We grew up mastering stairs that went nowhere, ellipticaling on gym pterodactyls, encouraged by recorded fitness gurus and suburban yogis.
Now, we spin. Spinning classes have grown to millions of sessions in the U.S. each year. The bikes, too, have progressed — from first recording our pedal rates, then our heart rates and finally our soul cycles. The group dynamic pushed us to perform harder than we would do alone in the gym. The instructors drew us in. The fad became a craze.
The latest version of spin’s evolution is the Peloton: a high-tech carbon-fiber bike, fitted with a huge iPad-like screen that sits in your garage or living room. The Peloton accesses the best-of-the-best-crowd-rated instructors: those who have optimized the perfect engagement style, the right encouragement at the right moment. They keep their riders spinning up virtual hills and in and out of Tabata interval training cycles, all the while appealing to the competitive spirit in beginners and pros alike.
Peloton bikes — and those that will follow — completely changed the fitness game. We no longer have to leave our house, hurry to class, wait in line, use other people’s sweaty seats and handlebars and breathe their dirty air. We don’t have to wait for our preferred instructor or class type. We are always in the front row.
And since we have to walk right past our beckoning bike to get out the door in the morning (or to cocktail hour at night), our ability to make excuses has simply evaporated. We now have the very best instructors, the perfect classes, the virtual scenic rides and even the calming, cool-down stretch classes on demand, every hour, in our living space.
Spinning on a bike is an exercise that almost everyone can do. Arthritic joints feel better with spinning. Even back pain is often reduced by the increased blood flow, muscle use and elevated circulating testosterone that spinning produces. The lack of impact, combined with gentle resistance, provides the right amount of muscle stimulation to heal most injuries.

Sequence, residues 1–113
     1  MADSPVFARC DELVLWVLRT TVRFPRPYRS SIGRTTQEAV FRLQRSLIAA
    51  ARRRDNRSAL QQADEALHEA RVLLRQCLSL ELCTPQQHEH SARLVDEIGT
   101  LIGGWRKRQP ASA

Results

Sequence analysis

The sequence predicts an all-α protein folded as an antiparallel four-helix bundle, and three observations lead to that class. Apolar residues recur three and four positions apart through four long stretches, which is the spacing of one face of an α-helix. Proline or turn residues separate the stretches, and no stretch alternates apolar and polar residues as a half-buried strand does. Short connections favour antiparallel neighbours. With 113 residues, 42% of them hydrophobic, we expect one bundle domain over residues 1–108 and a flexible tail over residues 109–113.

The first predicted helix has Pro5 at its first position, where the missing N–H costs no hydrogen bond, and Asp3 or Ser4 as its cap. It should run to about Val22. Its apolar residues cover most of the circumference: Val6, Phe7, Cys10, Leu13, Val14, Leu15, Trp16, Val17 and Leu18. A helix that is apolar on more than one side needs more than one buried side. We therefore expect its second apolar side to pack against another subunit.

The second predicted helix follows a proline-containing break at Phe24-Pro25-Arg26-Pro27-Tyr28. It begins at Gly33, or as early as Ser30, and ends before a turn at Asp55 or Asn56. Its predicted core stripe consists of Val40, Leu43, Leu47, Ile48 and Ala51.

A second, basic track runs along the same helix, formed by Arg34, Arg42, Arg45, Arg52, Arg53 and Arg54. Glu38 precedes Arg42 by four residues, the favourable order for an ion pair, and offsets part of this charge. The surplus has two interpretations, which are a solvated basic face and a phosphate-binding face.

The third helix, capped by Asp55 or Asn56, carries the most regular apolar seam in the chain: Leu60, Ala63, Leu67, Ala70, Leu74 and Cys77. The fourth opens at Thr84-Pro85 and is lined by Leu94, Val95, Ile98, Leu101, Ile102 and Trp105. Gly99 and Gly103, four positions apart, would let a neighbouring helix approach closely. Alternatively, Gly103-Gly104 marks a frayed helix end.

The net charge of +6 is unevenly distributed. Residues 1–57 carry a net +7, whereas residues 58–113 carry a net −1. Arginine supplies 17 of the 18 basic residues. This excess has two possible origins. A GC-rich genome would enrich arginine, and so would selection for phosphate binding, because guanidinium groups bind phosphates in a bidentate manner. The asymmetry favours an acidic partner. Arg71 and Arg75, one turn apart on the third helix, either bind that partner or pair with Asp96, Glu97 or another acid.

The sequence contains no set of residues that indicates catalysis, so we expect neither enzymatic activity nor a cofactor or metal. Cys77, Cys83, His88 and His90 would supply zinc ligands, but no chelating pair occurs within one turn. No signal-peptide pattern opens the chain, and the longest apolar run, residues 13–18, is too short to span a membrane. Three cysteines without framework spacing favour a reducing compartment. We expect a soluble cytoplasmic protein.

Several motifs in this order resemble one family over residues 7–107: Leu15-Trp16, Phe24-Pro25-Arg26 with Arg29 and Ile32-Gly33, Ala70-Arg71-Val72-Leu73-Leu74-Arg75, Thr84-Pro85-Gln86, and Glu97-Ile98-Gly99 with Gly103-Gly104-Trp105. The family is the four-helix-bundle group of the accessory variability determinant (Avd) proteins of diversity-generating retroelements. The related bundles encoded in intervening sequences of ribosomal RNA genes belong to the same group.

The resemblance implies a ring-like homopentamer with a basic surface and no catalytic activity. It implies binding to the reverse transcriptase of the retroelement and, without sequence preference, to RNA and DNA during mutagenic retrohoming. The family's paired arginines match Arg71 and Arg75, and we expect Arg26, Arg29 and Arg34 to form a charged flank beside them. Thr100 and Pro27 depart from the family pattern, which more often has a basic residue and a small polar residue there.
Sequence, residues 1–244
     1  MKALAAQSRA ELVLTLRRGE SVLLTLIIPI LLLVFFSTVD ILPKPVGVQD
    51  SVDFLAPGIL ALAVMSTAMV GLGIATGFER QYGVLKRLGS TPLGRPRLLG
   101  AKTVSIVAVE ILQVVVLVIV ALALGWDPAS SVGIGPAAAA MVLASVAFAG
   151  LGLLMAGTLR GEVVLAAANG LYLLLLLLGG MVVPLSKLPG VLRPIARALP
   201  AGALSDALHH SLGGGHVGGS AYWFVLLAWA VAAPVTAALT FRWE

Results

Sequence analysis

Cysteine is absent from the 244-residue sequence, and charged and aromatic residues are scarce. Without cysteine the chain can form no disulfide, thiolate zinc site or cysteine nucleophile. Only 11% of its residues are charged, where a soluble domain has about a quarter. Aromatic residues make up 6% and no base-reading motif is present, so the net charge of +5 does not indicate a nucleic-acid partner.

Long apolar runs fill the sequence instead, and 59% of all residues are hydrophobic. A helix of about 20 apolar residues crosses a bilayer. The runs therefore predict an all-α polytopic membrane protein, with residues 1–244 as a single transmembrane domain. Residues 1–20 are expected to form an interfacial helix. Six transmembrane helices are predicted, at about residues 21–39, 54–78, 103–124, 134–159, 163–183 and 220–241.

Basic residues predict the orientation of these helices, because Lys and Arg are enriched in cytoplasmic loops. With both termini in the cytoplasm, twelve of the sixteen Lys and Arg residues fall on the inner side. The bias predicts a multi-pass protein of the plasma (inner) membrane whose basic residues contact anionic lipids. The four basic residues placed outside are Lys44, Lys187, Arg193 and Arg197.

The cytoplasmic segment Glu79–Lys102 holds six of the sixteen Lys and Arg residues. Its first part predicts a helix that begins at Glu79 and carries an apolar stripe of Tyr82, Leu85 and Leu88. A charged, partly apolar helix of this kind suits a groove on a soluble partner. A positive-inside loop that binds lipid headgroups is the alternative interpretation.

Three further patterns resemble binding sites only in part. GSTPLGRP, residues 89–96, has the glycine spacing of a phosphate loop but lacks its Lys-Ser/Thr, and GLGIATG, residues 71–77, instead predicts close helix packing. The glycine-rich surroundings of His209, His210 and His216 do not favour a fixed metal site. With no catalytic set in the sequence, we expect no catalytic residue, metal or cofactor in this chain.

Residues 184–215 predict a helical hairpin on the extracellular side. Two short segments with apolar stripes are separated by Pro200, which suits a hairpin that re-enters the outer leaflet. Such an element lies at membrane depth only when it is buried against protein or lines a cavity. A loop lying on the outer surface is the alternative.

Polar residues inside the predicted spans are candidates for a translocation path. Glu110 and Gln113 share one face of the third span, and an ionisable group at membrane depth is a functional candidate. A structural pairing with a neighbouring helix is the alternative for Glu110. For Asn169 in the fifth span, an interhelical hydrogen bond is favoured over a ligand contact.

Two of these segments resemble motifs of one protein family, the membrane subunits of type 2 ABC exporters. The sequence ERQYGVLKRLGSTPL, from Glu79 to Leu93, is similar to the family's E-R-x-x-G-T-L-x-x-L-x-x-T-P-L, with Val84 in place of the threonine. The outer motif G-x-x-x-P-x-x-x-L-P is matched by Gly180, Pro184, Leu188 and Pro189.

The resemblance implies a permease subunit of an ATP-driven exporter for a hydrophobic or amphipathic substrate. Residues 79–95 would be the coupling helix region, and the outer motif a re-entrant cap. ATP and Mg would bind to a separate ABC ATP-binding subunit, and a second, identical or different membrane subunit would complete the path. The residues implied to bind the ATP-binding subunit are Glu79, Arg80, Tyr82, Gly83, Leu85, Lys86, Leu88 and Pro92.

Without a coach, though, it’s hard to push yourself past your current fitness level on a spin bike in order to build strength, endurance and cardiovascular conditioning. The addition of the screen — which shows the metrics of your heart rate, resistance, cadence and output — provides objective data on which to progressively build a program of improvement. And the live or recorded coach, who cajoles and winks at just the right times, helps push us onward when we would otherwise pause.
Spinning is not the only exercise required for true overall fitness. To achieve this, we must train in all 10 of the fitness criteria identified by Glassman and others: cardiovascular, strength, stamina, flexibility, power, speed, coordination, agility, balance and accuracy.
But it sure is a fun way to get part-way there. If heaven on earth is being fit until the day you drop, spin your way to heaven.
Dr. Kevin R. Stone is an orthopedic surgeon at The Stone Clinic and chairman of the Stone Research Foundation in San Francisco.